Plants That Can Be Rooted From A Cutting

An overview of plants that can be rooted from a cutting including common varieties, methods and tips for success.

There are lots of common plants that can be rooted from a cutting. Many houseplants such as a Wandering Jew, Umbrella plant or Ivy are all excellent candidates to propagate from a cutting. Growing plants this way is not usually difficult, it just requires patience.

Using the parent plant to create new plants is a wonderful and inexpensive way to replenish your older tired plants with identical and fresh new ones. Once you get the hang of rooting your plants from a cutting, you'll have so many new plants you'll start giving them away as gifts too!

Plants that can be rooted from a cutting

There are lots of common plants that can be rooted from a cutting including: African Violet, Arrowhead, Begonia, Cactus, Christmas Cactus, Dracaena, English Ivy, Jade plant, Poinsettia, Swedish Ivy, Umbrella Plant, Velvet Plant and Wandering Jew. Undoubtedly, there are many other common plants that will root from a cutting.

How to successfully root plants from a cutting

You'll have the most success during the spring and summer months but plants can be rooted from cuttings all year long. Use only healthy plants that are free from disease and insects. Most plants create their own rooting hormone to help aid the new roots but you can purchase a commercial rooting compound if you'd like to help speed up the process. Also be sure to use sharp scissors and cut at an angle to avoid damaging the plant and its ability to take in water.

Most cuttings should be rooted in a well-drained soil, though you may have success rooting various plants in a cup of well-aerated water. You will probably find that the plants rooted in soil are hardier and easier to transplant than those rooted in water. The most important thing to think about when choosing your rooting medium is that it is a medium weight mixture that is well drained so the plant does not rot before the roots begin to form.

Different types of cuttings

There are a few different ways to cut plants in order to propagate them including leaf cutting, stem cutting, cane cutting, leaf-vein cutting, and leaf-bud cutting. Some plants can only be rooted using one of these methods. However, some plants may be rooted from a variety of cuttings. After a few tries, you'll know what the most successful method is for all of your favorite plants.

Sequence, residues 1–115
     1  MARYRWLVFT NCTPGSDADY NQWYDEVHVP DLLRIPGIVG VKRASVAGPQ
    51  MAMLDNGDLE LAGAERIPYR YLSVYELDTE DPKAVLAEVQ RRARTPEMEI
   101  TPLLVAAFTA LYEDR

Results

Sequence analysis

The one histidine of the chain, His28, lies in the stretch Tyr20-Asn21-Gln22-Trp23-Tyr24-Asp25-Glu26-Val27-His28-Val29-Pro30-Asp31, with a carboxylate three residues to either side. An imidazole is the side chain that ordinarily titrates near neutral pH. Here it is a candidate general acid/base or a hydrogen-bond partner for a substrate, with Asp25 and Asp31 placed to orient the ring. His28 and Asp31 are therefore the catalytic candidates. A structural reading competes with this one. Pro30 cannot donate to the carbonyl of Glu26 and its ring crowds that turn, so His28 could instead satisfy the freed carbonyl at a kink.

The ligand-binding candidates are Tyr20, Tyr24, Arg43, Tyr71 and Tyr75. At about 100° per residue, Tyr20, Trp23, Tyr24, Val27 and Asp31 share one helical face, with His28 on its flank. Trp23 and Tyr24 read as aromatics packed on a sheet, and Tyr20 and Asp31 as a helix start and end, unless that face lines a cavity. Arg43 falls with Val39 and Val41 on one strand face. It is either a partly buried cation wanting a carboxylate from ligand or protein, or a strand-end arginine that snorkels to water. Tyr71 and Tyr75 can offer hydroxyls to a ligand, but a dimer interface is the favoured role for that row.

Leaf-section cutting means you cut leaves into small sections that will eventually sprout new growth. This method works well for plants like the Snake plant or Begonia. However, this is a very slow way to obtain new plants because the plant has word twice as hard to generate both roots and sprouts. The easiest way to root plants with leaf-section cuttings is to cut the leaf into 2 or 3-inch sections and insert them in the rooting medium.

A cane cutting is perfect way to root a Dracaena and other similar plants. To root a plant from a cane cutting you cut a section of the plants stem that has at least two nodes on it and plant it in your medium. New growth will soon sprout from the nodes to form an identical plant to the mother plant.

Leaf-vein cuttings are an excellent way to propagate plants with thick, visible veins. To root plants in this manner you can cut the veins every inch or so on the bottom of the leaf and place the leaf underside down on the planting medium making sure that the slits come in contact with soil to help stimulate new growth. This way many new plants can be grown instead of just one new plant per cutting.

Leaf-bud cuttings are great to propagate vine type plants such as Ivy. You simply cut a 1-2-inch section of the stem that has a leaf on it and plant it in your rooting medium. Rooting hormone may be applied if desired but new growth should begin even without it.

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